While electrical contractors demonstrate proficiency in completing electrical projects, the process of prospecting for leads, securing contract opportunities and promoting their skills to targeted audiences are necessary components of a thriving business. However, contractors sometimes don’t devote enough attention to marketing activities.
Marketing is critical to success in today’s competitive electrical systems arena, particularly with the increasing popularity of a range of energy-efficient technologies such as light-emitting diodes (LEDs), solar/renewable products, electric vehicle charging stations, and more, which rely on the support of knowledgeable and qualified contractors to drive them forward. With practice and diligence, ECs can effectively position and market themselves for greater success in today’s dynamic and lucrative marketplace for emerging energy-efficient technologies and upgrades.
Become an integrator
As LEDs continue to replace conventional lighting technologies in the market’s broad range of commercial/industrial, residential, outdoor and general lighting applications, ECs are wise to reassess their business model and reposition themselves to support today’s digital era.
“With the growing reality of today’s Internet of Things, contractors will need to evolve from being technicians who simply change out lamps or ballasts to becoming ‘integrators’ who help connect everything—from [heating, ventilating and air conditioning] and lighting to automatic shades, thermostats and security systems—in today’s smart buildings,” said Bill Attardi, 45-plus-year veteran of the lighting industry and principal of Attardi Marketing, Colts Neck, N.J. “Power over Ethernet [PoE] is here and the availability of Li-Fi introduces the concept of a wireless network in buildings which works through the lighting system to communicate information to occupants’ smartphones.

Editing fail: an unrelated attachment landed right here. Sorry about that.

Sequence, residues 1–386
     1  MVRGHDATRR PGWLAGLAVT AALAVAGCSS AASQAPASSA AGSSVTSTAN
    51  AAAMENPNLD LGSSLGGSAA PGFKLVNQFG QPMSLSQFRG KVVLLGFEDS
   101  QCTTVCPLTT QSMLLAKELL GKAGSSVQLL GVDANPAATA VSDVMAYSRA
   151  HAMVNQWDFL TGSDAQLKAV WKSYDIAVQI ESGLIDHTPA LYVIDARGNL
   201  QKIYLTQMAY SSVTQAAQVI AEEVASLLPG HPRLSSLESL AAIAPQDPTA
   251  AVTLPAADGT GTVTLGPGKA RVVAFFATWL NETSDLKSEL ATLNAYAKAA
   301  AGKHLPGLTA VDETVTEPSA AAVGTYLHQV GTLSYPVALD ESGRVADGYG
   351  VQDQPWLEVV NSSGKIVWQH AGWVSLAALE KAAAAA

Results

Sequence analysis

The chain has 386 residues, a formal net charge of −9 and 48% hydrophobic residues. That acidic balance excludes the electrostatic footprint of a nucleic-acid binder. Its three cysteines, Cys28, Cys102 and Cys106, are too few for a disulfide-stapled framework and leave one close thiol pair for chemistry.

“Just as cellphones provide so many other capabilities today than just phone service, lighting isn’t just about illumination anymore, and supply sources—which will continue to include traditional lighting manufacturers—will also include new players like Apple, Cisco, Google and Amazon. Contractors and distributors will continue to rely on each other to help bring the best lighting systems to bear in the market, but they’ll also need to develop these new relationships in order to support and participate in opportunities within today’s new and interactive smart building environment,” he said.
Sell energy savings
With their high degree of field credibility and strong end-user relationships, ECs are well-positioned to sell energy-saving projects to existing and new customers as long as they are able to effectively speak the language of their decision-making audience.
“This involves having strong project management skills and selling energy savings by demonstrating outstanding understanding and/or execution of key aspects like payback analysis, rebate procurement, tax certification, photometric layouts and simple lighting fixture specification, project financing and proposal preparation,” said Jay Goodman, principal of lighting and energy efficiency consulting firm Goodman & Co., Philadelphia. “I think that the retrofit business as we know it is really just about actively selling projects, project managing, taking credit risk, sourcing product, and arranging the install labor. Electrical contractors who can sell turnkey projects from the beginning are in the cat-bird seat because they’re the one player in the current value chain that’s a constant. Having in-house strength in sales, marketing and prospecting/lead creation, or else retaining outside services to help support these capabilities, would be an investment that pays huge dividends for contractors.”
Consider city and government projects
Based on their desire to reduce energy consumption and costs, more productively leverage taxpayer dollars, and establish a greener presence, city, municipal and governments are high on implementing energy-efficient upgrades in their jurisdictions through installing such measures as LEDs, lighting controls, renewable technologies and electric vehicle charging stations.
Steve Rosenstock, senior manager of energy solutions for Washington, D.C.-based Edison Electric Institute, provided some examples of work that is available in the local government arena.
“Many cities and states are converting their street and area lighting from high-pressure sodium and metal-halide sources to LED technology and mandates are still in place for making existing and new federal buildings more energy-efficient,” he said. “Contractors can visit the General Services Administration, Federal Energy Management Program and DOE Building Technologies Office websites for more information on upgrade opportunities in this active building sector.”
Jim Filanc, director of business development for Southern Contracting in San Marcos, Calif., encourages contractors to establish bonding capacity, a fundamental requirement of construction projects with cities when conducting a city-based lighting upgrade.